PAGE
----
The family and friends of a prominent Ukrainian human rights activist who pledged to fight Russia and was captured have launched a public campaign to highlight his plight for fear of being wrongly accused of being a “British spy” because of his ties to the UK.
Maksym Butkevych, 45, a former Ukrainian service producer for the BBC who studied at the University of Sussex and sits on the board of directors of the Ukrainian section of Amnesty International, is well known as a human rights defender because of his work with refugees in Ukraine.
He is one of approximately 7,200 Ukrainian prisoners of war held by Russian and Russian-allied forces.
Friends and colleagues say Butkevych, who has spent most of his life advocating anti-militarist views, only decided to join the Ukrainian Armed Forces as a volunteer after the Russian invasion in February.
Last week, his friend Oleksandra Matviichuk, director of the Ukrainian Center for Civil Liberties, tweeted some of Butkevych’s comments about joining, highlighting why he felt he could no longer stay away.
“I have been a conscious anti-militarist all my life and I remain one out of conviction. But right now, I feel like I belong. These are tragic times. Everyone does what they can where they are. »
Butkevych’s case highlights the plight of families of Ukrainian prisoners of war who often struggle to find information about missing relatives or the conditions in which they are held, as some prisoners are treated differently by their Russian captors. .
Sitting in their apartment in Kyiv, Butkevych’s parents, Oleksandr and Yvenhia, described the circumstances of their son’s capture. “We received a call from another volunteer on June 24 telling us that Maksym had been captured and we received a link to a video of his interrogation which was shown on Russian TV,” Oleksandr said. “He looked exhausted.”
According to the story told by Butkevych, his unit – which was serving near Hirske in the Luhansk region of the Donbass – had been lured into a trap after two of his scouts who had been sent to fetch water were themselves captured by the Russians and then radioed the unit Russian instructions to move to avoid being surrounded.
“They were deceived. They didn’t know that the scout they were talking to had already been captured themselves,” Oleksandr said.
“After seeing this video, we had no information for weeks. We were told it was better not to talk about Maksym’s capture. But then we started seeing posts on social media Russians saying they had caught “a big fish”, that he was a Nazi and a British spy”.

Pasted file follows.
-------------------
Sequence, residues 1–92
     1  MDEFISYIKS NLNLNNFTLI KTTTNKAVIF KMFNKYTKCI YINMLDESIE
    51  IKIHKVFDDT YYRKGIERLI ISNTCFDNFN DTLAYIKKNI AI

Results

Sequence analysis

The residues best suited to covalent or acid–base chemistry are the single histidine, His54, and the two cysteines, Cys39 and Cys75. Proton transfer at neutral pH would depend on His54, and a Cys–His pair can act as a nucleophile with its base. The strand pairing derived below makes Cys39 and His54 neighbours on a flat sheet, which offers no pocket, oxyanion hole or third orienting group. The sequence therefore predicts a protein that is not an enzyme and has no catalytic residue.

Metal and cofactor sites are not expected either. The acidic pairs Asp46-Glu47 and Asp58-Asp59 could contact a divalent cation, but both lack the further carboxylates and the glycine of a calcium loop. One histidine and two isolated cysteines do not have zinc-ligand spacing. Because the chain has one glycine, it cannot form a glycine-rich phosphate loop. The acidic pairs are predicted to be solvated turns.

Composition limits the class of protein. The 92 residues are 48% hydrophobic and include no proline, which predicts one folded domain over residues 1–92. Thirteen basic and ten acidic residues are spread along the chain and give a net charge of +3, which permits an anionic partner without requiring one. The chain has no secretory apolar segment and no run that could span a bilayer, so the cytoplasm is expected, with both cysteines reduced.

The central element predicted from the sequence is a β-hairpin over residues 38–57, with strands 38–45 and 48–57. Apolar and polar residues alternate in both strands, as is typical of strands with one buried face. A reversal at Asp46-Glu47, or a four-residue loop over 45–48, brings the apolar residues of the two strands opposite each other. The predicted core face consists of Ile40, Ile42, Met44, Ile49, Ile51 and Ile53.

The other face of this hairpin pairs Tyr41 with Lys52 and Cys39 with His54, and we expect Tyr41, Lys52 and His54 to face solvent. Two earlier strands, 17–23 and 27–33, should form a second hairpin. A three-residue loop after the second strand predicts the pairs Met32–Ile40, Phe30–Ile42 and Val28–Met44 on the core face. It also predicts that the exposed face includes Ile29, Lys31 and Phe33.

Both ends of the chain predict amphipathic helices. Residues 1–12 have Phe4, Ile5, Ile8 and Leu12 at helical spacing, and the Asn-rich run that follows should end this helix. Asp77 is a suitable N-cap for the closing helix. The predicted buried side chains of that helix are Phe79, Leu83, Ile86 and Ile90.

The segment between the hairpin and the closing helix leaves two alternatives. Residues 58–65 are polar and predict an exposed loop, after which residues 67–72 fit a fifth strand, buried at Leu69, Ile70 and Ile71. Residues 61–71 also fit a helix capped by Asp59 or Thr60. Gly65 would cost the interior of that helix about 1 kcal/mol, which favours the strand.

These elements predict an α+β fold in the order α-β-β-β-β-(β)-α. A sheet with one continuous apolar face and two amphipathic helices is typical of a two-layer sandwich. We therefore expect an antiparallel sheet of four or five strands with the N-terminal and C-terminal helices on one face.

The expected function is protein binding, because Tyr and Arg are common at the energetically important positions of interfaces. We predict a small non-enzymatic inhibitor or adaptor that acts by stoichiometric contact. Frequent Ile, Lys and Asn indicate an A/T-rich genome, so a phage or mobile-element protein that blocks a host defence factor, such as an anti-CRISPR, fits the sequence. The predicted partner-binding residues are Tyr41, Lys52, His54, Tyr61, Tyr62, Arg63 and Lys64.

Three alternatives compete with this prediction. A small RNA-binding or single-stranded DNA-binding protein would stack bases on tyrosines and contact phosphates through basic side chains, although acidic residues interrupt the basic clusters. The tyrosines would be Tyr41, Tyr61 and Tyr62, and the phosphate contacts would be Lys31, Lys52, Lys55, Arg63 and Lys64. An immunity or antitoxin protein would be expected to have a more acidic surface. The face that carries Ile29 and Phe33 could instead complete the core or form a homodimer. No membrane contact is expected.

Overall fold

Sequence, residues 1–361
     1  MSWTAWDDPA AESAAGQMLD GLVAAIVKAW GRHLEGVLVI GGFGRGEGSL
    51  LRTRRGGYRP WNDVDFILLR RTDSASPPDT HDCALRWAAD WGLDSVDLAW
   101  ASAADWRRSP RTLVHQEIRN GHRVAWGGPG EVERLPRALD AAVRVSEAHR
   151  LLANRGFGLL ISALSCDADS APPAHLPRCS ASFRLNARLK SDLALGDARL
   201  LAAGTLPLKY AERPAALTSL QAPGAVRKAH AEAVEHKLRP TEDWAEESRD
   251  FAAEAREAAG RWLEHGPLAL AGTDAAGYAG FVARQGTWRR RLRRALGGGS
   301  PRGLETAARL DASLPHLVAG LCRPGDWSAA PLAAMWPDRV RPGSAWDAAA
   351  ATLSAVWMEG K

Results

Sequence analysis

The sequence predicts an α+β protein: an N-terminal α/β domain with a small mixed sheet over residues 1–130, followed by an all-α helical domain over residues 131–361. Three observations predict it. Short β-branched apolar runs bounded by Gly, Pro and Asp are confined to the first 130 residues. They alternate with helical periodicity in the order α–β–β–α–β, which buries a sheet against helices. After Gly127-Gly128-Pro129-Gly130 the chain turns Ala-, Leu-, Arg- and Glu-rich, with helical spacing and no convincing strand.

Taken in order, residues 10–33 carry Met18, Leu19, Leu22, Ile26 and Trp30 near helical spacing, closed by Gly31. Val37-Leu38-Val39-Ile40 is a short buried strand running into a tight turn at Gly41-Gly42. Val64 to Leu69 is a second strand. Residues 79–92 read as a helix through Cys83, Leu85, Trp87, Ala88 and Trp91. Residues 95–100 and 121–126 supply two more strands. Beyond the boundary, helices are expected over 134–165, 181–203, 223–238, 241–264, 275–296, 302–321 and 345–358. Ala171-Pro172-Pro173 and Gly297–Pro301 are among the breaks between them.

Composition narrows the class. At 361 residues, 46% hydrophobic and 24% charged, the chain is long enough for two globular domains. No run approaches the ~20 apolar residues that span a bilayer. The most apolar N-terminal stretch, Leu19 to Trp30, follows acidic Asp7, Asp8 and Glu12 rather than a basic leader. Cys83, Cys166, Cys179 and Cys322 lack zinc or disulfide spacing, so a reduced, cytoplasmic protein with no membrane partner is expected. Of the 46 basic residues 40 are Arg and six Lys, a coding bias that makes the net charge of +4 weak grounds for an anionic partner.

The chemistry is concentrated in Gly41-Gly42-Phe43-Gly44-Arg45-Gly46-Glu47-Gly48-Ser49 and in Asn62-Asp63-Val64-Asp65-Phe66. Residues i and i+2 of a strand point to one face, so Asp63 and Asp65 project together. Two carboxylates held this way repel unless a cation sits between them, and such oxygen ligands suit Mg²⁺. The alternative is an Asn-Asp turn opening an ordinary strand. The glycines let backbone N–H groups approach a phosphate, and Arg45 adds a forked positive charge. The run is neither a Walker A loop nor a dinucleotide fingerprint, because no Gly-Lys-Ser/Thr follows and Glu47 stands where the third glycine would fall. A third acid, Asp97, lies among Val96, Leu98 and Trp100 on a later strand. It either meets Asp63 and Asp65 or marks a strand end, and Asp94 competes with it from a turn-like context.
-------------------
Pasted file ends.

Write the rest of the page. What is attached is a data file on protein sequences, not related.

According to Butkevych’s friends and family, some of the accusations on Russian social media appear to have confused him with another person with the same last name.
“We are so worried about him. He was captured with 13 other soldiers but it is him they have pointed the finger at and we fear that they are trying to incriminate him. He was anti-fascist and anti-racist his whole life,” his mother said. “He has helped refugees fleeing to Ukraine from abroad due to religious persecution or because of their gender identity.
“We understand you can’t have a war without POWs,” his father added. “If Maksym was just one of those prisoners, we would quietly wait for an exchange, but since he is single [out]the only way to counter false information is to say who he really is, how he helped others, and now we ask his friends from here and other countries to help him.
“We really need to know where he is,” his mother added, “and if they are being tortured.”
Kyrylo Loukerenko, executive director of public radio station and website Hromadske, which Butkevych co-founded, described the difficult decision to publicize the case. “At first when we saw the video, many of us thought it was necessary to publicize the situation, but the officials we contacted told us that it was better not to make it a special one among the people. other prisoners of war.
“But when his parents found out he had been captured, they decided it was best to go public. [because of what Russian commentators were saying about him]. They try to present him as an anti-Russian nationalist, but he is a person with a passion for human rights.
According to Oleh Kotenko, Ukraine’s commissioner for missing persons under special circumstances, around 7,200 Ukrainians serving in various military and security wings, including border guards, are missing, with the majority believed to have been captured.
Lawyers advising relatives of prisoners of war raise a number of concerns, including that the much higher number of Ukrainians held by Russian forces compared to Russians held by Ukraine complicates prisoner exchange negotiations, which have so far only led to a few hundred injured Ukrainians. revenue.
In the largest exchange, at the end of June, 144 Ukrainian prisoners were returned, many of them seriously injured.
“The Russians have more prisoners, so the number of exchanges is uneven,” said Vladislav Ignatiev, a member of a network of lawyers working to advise Ukrainian families. “The other problem is that the Russians are treating some of the captured people as different categories. They are opening criminal cases against some, so their status is not POW.
Among this group are members of the Azov Regiment who were captured during the fall of the southern port city of Mariupol.
At least two Ukrainian members of this regiment would face the death penalty after being expelled from the penal colony where they were held.
“For others,” Ignatiev said, “the problem is that there is no information about [them] at all.”